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4 Nights to Cleanse the Body and the Mind.

A while ago one of my Strava buddies posts a hike way in the middle of the Sierras out of a trailhead called Crabtree which is north of Yosemite. I let it go and a week or so later Ron, who lives in the neighborhood, walks by and we chat. He has a group that are planning a trip out of the same trailhead and now I think I had better look into it. Then a trip to Idaho gets cancelled and I say; this is it, lets go!

Our 26 mile route with Crabtree trailhead at the upper left. First night at Wood Lake, second at Lower Buck Lake, third at Deer Lake and last Lilly Lake.

Haven’t done much backpacking recently and we’re cautious as to our shelved abilities for a multiday trip. The area requires about a 10 mile hike in before you start to really enjoy the scenery so we pick a four night itinerary and start organizing.

We travel light these days, not ultralight, but simply light which to me means carry only what you need and sufficient so that you can enjoy yourself. There is a classic “Emigrant Loop” that has an upper and lower route into the high lakes that we want to experience. Ron’s group were starting later than us and doing an extended clockwise route. We decided on a shorter anticlockwise so that we would pass each other somewhere on the trail.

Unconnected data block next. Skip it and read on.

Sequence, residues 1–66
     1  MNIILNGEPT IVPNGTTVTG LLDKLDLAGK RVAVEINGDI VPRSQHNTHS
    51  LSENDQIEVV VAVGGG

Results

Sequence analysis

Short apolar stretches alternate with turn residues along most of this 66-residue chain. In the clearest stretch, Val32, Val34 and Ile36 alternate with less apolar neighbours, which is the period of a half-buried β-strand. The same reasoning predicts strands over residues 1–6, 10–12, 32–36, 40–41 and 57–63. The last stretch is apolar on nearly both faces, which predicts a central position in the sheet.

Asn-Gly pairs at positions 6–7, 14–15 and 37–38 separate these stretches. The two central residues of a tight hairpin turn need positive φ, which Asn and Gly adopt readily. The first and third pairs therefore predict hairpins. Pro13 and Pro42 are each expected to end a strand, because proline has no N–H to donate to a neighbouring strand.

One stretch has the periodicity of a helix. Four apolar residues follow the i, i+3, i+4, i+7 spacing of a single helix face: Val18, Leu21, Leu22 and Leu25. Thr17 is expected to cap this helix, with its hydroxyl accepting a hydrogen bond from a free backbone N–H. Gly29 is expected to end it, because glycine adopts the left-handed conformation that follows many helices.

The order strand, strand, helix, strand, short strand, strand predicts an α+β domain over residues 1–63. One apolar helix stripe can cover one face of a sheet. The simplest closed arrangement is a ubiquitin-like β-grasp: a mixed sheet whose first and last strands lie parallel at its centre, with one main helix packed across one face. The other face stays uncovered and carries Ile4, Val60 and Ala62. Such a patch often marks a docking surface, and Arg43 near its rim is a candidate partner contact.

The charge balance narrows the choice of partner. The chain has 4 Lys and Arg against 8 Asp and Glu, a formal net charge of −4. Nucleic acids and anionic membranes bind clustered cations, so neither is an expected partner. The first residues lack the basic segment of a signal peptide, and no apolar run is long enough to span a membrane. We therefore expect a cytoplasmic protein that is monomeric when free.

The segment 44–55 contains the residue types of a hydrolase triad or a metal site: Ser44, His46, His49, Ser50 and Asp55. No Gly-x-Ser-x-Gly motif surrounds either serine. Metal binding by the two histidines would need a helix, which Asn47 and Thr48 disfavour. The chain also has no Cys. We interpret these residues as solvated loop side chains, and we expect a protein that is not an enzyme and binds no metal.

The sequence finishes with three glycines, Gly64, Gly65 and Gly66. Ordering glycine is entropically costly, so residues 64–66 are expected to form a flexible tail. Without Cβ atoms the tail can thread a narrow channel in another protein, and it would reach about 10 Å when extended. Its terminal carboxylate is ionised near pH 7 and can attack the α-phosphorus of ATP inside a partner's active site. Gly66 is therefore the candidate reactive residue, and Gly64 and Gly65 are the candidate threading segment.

Getting ready at Crabtree trailhead.

Drove up to Crabtree on a Saturday and found the parking lot packed with the weekend crowd. Slept in the back of the Prius and hit the trail shortly after 8am on the Sunday. I should also mention that there were a few fires burning, far away to not threaten us but the wind patterns will blow the smoke wherever it pleases.

Pack weighs in at 29.7 lbs – not bad for 4 days.
Hiking down into Pine Valley with a lot of downed trees from a previous storm.
More trees snapped off.

Four miles in we reach Grouse Lake and stop for a break. Now water is an issue and we must have it at our campsites as I was not going to carry that much extra weight for a dry camp somewhere. Others on the trail tell us the next reliable source is Wood Lake which another 7 miles past Grouse making it a total of 11 miles, our upper limit for one day.

We’re feeling good and we push on but I’m only carrying 1 liter which I will finish before the sanctity of Wood Lake. Rose carries more which I will be grateful for later on.

Lilies at Grouse lake.
Grouse Lake.
Looking back down the trail.

The trail climbs about 1500′ which includes two downhills of about 500′ and 300′. Soon after the 300′ drop we meet a large group of young folk also going in and they tell us they found water 1/4 mile up Buck Creek. We decline the scavenger hunt and push on for the final 4 miles.

About to drop down on the right and then up the valley on the right.
Quite a few pack trains in & out.

I run out of water about a mile short of the lake and bum some from Rose to get me into camp. I am pooped to say the least but we have made it and the next day will be a short one so we can sleep in and drink plenty.

New tent, Big Agnes Copper Spur at Wood Lake.